Assault Suits Valken 2

Assault Suits Valken 2 / Juussou Kihei Valken 2 (重装機兵ヴァルケン2) - PlayStation (1999)


This entry is part 4 of 4 in the series Assault Suits

If Masaya saw Front Mission: Gun Hazard as a ripoff of Assault Suits Valken, well, this game, developed by TamTam (who did some other inconsequential Japanese games like Eithea) is them repaying Square the favor. Despite the “2” in the title, this game is really nothing like the original Assault Suits Valken, because it’s actually a whole lot like Front Mission 3. The general concept – a strategy RPG with mechs – in itself isn’t particular uncommon (just see the dozens upon dozens of Super Robot Wars games), but this one borrows quite a bit, including the 3D graphics, the interface (including the menus in English), and even the basic mechanics – the “counterattack” screen, where you can choose to dodge, defend, or counter is ripped almost straight from it, with just a few added options. Each mecha you control has a set number of AP, which determines how many times they can move and/or attack in a given turn.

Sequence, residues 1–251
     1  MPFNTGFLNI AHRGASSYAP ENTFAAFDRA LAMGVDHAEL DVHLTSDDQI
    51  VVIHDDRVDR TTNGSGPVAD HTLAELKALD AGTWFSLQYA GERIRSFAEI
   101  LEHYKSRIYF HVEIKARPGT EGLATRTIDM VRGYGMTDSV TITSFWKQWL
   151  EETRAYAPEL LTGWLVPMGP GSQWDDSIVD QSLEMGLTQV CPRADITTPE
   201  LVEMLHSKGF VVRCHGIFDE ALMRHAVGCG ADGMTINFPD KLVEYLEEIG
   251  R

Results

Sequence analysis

The only major addition is that you need to enter “cockpit” mode – a first person perspective – to target enemies. This is cool at first, because the mechas actually do look pretty good for a PS1 game, but it’s remarkably slow compared to other SRPGs, where you just select who you want to attack, and then attack. In fact, the whole game moves at a snail’s pace. In the first few missions, you only control a single character as you wait for all of your allies to move, then your enemies, then wait for some talking heads to yammer some text for awhile, before resuming. By the fourth mission, you actually get some other pilots, but the whole experience is remarkably sluggish, even after you enable the shortcuts.

The only other thing Valken 2 has going for it is its customization options, which lets you place each of your mechs in “roles” (short range, long range, etc.) similar to the “job” system from Final Fantasy V / Tactics, which then modifies their stats accordingly. Still, it’s nowhere nearly as fun as the customization in the Front Mission games. The only real connection with the rest of the games is that it takes place in the same universe, and a couple of characters make appearances, like Leena, the dispatcher from Target Earth, and Jake, the hero of Cybernator. The character designs are by Yoshikazu Yasuhito, who also did the designs for the original Mobile Suit Gundam.

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